Urological Emergencies in Clinical Practice стр.57

■ Mucosa-to-mucosa anastomosis should be done, to achieve a watertight closure.

■ A drain should be placed aroimd the site of anastomosis

5. TRAUMATIC UROLOGICAL EMERGENCIES 75

Primary Closure of Partial Transection of the Ureter

A partial transection of the ureter may be repaired over a JJ stent, as long as the injury has not been caused by a gunshot wound (in which case there may well be a blast effect causing more extensive necrosis than is immediately apparent at the time of surgery; such injuries are better managed by excising the affected segment of ureter and performing a primary ureteroureteros-tomy). Mobilise the ends of the ureter to allow a tension free anastomosis to be done. Pass a guidewire into the renal pelvis and pass the stent up into the renal pelvis. To introduce the stent into the lower ureter, remove the guidewire and place it in a side hole of the stent, so as to straighten the end of the stent so that it may be introduced into the distal end of the ureter (Fig. 5.11). We find it easier to place the guidewire through a side hole in the middle of the stent, because this makes it easier to disengage the wire from the stent. The stent may be pulled out of the bladder as the guidewire is withdrawn if the latter has been placed through a side hole near the end of the stent. Thread the stent and guidewire down the ureter and into the bladder. We instill some diluted methylene blue into the bladder via catheter and fill the bladder with saline, clamping the catheter so that the bladder can be distended. When the JJ stent reaches the bladder and the guidewire is withdrawn, blue fluid refluxes up the stent and this confirms that the distal end of the stent is in the bladder. We use 4/0 Vicryl (i.e., absorbable suture material) to close the hole in the ureter. Place a drain down to the site of the repair.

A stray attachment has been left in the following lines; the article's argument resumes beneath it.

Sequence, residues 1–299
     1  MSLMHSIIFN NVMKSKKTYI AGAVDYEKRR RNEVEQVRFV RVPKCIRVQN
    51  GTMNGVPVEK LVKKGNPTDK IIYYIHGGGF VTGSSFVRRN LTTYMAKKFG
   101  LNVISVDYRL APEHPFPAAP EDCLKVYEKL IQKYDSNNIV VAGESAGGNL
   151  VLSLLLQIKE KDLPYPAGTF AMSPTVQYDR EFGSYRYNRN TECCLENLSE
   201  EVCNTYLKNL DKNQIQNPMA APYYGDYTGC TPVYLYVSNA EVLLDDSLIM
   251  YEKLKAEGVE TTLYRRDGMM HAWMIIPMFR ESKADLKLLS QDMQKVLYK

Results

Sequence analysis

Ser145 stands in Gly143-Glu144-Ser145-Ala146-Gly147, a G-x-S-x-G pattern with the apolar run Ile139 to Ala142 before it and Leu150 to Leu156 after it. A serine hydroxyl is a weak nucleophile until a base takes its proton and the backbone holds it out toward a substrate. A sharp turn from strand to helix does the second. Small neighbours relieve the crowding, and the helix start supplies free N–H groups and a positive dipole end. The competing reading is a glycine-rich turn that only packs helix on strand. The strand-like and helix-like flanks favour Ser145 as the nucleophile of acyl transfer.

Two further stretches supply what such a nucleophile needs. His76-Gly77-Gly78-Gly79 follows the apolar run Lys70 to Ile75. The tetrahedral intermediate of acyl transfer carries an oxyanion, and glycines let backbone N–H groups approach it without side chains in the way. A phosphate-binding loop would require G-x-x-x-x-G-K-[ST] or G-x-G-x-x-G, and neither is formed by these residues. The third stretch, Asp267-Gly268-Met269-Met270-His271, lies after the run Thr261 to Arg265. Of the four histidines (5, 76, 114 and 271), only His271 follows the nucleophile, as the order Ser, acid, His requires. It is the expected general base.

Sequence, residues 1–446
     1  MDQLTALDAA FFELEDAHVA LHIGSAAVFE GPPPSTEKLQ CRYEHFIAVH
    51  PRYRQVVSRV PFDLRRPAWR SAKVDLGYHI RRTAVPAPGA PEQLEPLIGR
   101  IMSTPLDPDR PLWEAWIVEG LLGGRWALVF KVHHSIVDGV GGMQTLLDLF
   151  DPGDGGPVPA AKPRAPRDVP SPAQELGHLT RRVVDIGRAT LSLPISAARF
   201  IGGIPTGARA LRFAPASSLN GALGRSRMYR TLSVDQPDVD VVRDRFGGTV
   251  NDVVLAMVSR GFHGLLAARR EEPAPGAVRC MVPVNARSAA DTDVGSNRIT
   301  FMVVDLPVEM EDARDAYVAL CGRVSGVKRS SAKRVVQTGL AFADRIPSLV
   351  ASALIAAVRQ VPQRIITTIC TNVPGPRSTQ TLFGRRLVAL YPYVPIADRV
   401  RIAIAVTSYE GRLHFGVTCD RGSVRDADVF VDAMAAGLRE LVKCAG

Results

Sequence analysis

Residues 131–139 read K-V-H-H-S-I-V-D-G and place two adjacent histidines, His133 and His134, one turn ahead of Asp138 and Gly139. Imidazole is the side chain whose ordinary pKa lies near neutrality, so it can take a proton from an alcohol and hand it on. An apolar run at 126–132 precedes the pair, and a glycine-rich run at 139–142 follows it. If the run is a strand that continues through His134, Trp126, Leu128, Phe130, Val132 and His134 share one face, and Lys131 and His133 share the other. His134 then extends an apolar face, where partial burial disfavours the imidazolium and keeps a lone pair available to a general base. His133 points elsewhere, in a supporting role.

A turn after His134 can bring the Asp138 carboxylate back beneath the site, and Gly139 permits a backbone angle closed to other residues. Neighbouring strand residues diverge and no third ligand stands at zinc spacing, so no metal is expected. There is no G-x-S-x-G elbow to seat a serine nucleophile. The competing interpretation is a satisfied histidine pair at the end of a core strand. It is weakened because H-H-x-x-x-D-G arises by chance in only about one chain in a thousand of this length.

Primary Ureteroureterostomy

This is anastomosis of one end of the ureter to the other end. The essential factor for successful anastomosis is the absence of tension. If the defect between the ends of the ureter is of a length where a tension-free anastomosis would not be possible, then reimplantation into the bladder via a psoas hitch or Boari flap will be needed. The technique for anastomosis of the two ends of the ureter is the same as for partial transections, other than the fact that the two ends of the ureter should be spatulated to allow a wide-bore anastomosis.


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